Gee, Warren Buffett happens to own a chunk of Wells Fargo, and also provided an equity injection to Goldman Sachs. So it should come as no surprise that he has come out in a Bloomberg interview arguing against the so-called TARP fee, a charge to be levied against the non-deposit liabilities of large banks.
Now this little bit of lobbying via the media should end any delusions that Buffett is a friend of the little guy. But what is even more striking is his failure to mount a serious argument. It’s an insult to the public’s intelligence.
Here is the substantive part:
“I don’t see any reason why they should be paying a special tax,” said Buffett, the chairman and chief executive officer of Berkshire Hathaway Inc., in an interview on Bloomberg Television today. Supporters of the plan to tax the banks “are trying to punish people,” he said. “I don’t see the rationale for it.”…
“Look at the damage Fannie and Freddie caused, and they were run by the Congress,” said Buffett. “Should they have a special tax on congressmen because they let this thing happen to Freddie and Fannie? I don’t think so.”
This is corn pone in lieu of logic. The idea that the fee is to punish the banks is a convenient fiction pushed by the banksters and their backers. The public is angry, but the anger is correctly founded: the banking industry got massive, unwarranted subsidies for failure, the safety nets are still operative and clearly will be redeployed in the event of future errors and chicanery. Yet no one has been brought to justice, and virtually nothing has been done to prevent a recurrence.
You can argue about the design of the tax, but there is nothing wrong with the logic. Banks pay deposit insurance for the goverment’s deposit guarantee, which adds considerable value to a business franchise (and BTW, over time proves inadequate to reimburse the full costs of rescuing depositors), Big banks have an even more generous safety net these days, and no correspondingly more aggressive regulation. Hence the fee is a valid way both to cover the cost of their more generous safety net and to discourage banks from being in the big bank category.
And Buffett is unlikely to have missed the arguments in favor of the bank fee in the Financial Times op-ed column in recent days. Mohamed El-Erian came out in favor of the fee but think the risk is not the fee per se, but that the fee will serve as a way to avoid the heavy lifting of real regulatory reform (something Buffett would not be keen about either, since reform with teeth would also crimp bank profits):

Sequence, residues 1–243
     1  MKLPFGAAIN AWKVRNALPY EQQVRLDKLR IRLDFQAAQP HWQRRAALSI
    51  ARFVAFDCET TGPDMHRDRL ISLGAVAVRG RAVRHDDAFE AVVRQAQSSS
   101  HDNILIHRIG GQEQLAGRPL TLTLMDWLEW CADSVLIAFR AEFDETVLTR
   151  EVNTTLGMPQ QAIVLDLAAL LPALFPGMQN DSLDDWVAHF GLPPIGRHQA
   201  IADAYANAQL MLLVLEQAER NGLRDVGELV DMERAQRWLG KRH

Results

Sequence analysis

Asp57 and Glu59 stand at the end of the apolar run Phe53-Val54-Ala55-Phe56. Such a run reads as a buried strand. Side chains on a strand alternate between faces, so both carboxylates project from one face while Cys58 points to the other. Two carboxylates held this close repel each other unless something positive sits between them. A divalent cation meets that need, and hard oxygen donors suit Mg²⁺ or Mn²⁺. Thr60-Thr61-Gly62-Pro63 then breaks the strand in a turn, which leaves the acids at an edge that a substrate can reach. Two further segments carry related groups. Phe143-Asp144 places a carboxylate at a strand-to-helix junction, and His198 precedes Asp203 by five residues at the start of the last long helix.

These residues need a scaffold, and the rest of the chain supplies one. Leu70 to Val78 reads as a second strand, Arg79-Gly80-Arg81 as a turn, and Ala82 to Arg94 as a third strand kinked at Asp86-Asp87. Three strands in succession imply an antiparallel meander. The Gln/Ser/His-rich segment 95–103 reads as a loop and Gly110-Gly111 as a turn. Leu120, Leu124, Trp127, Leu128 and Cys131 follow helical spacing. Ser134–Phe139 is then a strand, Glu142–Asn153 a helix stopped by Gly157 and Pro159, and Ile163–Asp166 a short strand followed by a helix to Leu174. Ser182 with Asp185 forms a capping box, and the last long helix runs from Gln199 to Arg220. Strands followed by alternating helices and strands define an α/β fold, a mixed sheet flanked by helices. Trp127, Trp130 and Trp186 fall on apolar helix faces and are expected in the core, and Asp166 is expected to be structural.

Seldom will you find a tax proposal that is viewed by so many as having so much going for it. Consider just four arguments.
First, it is politically popular….
Second, it targets a sector whose visibly higher earnings have benefited enormously from the exceptional measures taken in 2008 to save it…
Third, it is consistent with longer-term regulatory objectives….
Fourth, it generates budgetary revenues at a time when fiscal deficits have soared, domestic debt is growing at unprecedented rates, and the scope for corrective measures is limited…..
The real danger is that the selective taxation of banks may divert attention away from growing policy inconsistencies and, thus, may inadvisably substitute for urgently needed structural and regulatory measures.
Peter Boone and Simon Johnson focus on that very concern, that much tougher measures need to be taken, to rein in banks:
There is growing recognition that our financial system is running a doomsday cycle. Whenever it fails, we rely on lax money and fiscal policies to bail it out. This response teaches the financial sector a simple lesson: take large gambles to get paid handsomely, and don’t worry about the costs – they will be paid by taxpayers (through fiscal bail-outs), savers (through interest rates cut to zero), and many workers (through lost jobs). Our financial system is thus resurrected to gamble again – and to fail again. Such cycles have been manifest at least since the 1970s and they are getting larger….
For our top bankers, the fact that the system will only change marginally is fine….
First, we must sharply raise capital requirements at leveraged institutions, so shareholders rather than regulators play the leading role in making sure their money is used sensibly. This means tripling capital requirements so banks hold at least 20-25 per cent of assets in core capital.
Second, we need to end the political need to bail out every institution that fails. This can be helped by putting strict limits on the size of institutions, and forcing our largest banks, including the likes of Goldman Sachs and Barclays, to become much smaller.
Let me tell you, increasing capital ratios to 20% to 25% will have a much more dramatic impact on bank returns on equity that the paltry proposed TARP fee. Buffett should thank his lucky stars that Team Obama remains true to form and is letting banks off so easy. The rest of us should demand much more stringent measures.